In early 2017, CDE will provide comprehensive information about the timeline and phases of the standards review and revision process as well as information about how to become involved. This will begin robust public engagement throughout the state and through social media.

If you would like to receive regular updates on the standards review and revision process, you can sign up here:

Math Day at CSU

I'd like to thank Janet Oien, Mary Pittman, and all the great people in the math department at CSU who welcomed me to their Math Day. The competition was spirited, the jokes were appropriately mathy, and a lot of students got to spend a day at a math party.


The nominations are now open for PAEMST awards for 7-12 math teachers to be awarded in 2017.

Colorado Academic Standards Perception Survey

One last short reminder: You have until November 13 to complete the Colorado Academic Standards perception survey. This is a different survey than the one mentioned above! For more info see the CDE website, and send general questions and comments about the review and revision process to

Computer Science Standards Meetings

During the 2016 legislative session, the Colorado General Assembly passed House Bill 16-1198 requiring CDE to develop academic standards for computer science for secondary students. The new law allows districts to elect to adopt these standards for their high school students. These voluntary, secondary computer science standards must be adopted by the State Board of Education by July 2018, and CDE is hosting three stakeholder meetings in October and November to engage a broad array of stakeholders to inform the development process:
  • Monday, November 14 in Denver
  • Thursday, November 17 in Grand Junction
There will also be a webinar on Monday, November 28 from 3:30 to 5:00. For more information and to register to attend any of these meetings, see the announcement on the CDE Standards and Instructional Support webpage.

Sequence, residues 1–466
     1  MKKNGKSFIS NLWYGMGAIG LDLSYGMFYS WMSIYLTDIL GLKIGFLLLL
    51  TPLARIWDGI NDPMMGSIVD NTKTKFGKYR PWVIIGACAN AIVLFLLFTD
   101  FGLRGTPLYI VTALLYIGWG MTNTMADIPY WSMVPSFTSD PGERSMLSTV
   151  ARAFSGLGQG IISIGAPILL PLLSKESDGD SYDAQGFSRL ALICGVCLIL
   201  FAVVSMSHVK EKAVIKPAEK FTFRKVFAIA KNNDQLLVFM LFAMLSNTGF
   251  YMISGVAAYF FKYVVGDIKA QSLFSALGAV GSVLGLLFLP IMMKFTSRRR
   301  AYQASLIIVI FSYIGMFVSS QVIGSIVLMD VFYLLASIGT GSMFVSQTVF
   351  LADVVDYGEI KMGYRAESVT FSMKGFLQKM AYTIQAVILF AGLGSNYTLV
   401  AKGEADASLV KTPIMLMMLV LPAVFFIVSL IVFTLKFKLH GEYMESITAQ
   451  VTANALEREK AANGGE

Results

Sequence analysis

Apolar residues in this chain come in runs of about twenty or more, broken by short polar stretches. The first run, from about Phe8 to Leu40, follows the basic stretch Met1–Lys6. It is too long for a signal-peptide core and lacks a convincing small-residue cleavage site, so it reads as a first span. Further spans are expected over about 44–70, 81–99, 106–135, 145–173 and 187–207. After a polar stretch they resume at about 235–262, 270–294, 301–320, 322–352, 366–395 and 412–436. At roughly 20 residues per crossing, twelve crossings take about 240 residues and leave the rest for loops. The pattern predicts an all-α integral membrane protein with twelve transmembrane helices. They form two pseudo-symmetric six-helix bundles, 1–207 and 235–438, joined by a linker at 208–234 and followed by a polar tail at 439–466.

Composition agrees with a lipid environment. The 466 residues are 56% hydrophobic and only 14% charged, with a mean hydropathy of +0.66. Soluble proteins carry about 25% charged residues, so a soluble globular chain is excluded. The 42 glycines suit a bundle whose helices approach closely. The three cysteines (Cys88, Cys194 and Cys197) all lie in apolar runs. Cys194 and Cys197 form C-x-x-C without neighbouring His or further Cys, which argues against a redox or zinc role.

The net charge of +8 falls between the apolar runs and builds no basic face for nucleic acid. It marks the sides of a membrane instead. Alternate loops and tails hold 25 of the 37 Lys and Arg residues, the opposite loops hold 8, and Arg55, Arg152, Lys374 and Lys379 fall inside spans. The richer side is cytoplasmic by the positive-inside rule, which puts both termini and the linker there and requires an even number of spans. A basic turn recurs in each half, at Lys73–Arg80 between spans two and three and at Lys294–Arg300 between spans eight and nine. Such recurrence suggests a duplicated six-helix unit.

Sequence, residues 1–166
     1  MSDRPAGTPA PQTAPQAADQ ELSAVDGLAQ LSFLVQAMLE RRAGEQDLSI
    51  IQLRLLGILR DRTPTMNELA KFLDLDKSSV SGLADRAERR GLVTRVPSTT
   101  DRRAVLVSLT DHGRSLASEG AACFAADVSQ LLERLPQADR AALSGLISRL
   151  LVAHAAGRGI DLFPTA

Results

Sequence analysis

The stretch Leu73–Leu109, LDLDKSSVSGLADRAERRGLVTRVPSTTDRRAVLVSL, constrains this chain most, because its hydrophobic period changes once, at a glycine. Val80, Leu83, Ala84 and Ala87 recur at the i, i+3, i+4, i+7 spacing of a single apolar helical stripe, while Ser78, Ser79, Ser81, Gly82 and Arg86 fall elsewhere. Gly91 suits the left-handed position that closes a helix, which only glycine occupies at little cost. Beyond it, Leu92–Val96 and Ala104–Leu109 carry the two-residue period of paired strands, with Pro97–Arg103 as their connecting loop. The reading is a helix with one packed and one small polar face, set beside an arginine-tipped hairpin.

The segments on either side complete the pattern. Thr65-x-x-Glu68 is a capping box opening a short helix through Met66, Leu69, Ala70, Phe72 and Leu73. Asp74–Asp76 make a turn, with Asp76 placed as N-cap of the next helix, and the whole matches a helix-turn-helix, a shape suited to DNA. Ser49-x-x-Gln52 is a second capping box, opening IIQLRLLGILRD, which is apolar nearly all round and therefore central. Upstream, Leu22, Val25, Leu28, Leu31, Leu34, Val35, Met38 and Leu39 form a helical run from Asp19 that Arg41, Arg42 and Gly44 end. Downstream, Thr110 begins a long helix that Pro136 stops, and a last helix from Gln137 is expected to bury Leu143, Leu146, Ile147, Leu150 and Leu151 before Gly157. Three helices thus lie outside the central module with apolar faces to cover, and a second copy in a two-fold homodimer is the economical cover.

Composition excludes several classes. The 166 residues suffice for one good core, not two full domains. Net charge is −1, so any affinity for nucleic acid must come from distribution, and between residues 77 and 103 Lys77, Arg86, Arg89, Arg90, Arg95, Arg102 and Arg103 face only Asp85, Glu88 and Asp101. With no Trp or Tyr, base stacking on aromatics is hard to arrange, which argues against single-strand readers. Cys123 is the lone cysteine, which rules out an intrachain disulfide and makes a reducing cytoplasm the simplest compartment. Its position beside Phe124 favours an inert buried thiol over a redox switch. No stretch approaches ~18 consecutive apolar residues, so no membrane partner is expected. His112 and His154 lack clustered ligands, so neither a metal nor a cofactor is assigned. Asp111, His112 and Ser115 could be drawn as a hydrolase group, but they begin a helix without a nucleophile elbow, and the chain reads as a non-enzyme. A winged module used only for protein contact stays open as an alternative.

This Week in Math Ed: November 4, 2016

Math Ed Said

Fawn Nguyen
October 28: Fawn Nguyen gave us some insights into her practice with a post called "Good-Enough-for-Now Curriculum," where she discusses the resources she uses, how those resources differ in the thinking they demand of students, and what she finds is worth grading.

Shared by: Fraction Talks, Debbie Hurtado, Jennifer Blinzler, Shaunda McQueeney, Scott Leverentz, Dan Anderson, Samuel, Ilana Horn, Ilona Vashchyshyn, Kimberly Wassmuth, Andrew Gael, Laura Wagenman, Kit G, Bridget Dunbar, John Golden

October 29: Two posts rose to the top this day. First, Tom Rademacher's talks about the lack of easy answers in "My Name Is Tom. I've Been a Teacher for 10 Years and I Still Get My Ass Kicked Nearly Every Day." Second, Mark Chubb lays out the long game in "How our district improved…." Far from the typical, "I tried this for two weeks and things are better," this post takes the 10-year view of math initiatives in his district and the long-term gains they're now enjoying.

Shared by: (for Tom) Kit, Becca Phillips, Mickie Gibbs, Laura Wagenman; (for Mark) Ann Elise Record, Mark Chubb, Tyler Anderson, Margie Pearse

October 30: Sara VanDerWerf wrote about "Visualizing Exponential, Power & Logarithmic Functions." The title is pretty self-explanatory and I suggest you check out the visualizations for yourself.

Shared by: Kit G, Bryan Anderson, Jennifer Lawler, David Butler, Heather Sugrue, Sara VanDerWerf, Ashley Bingenheimer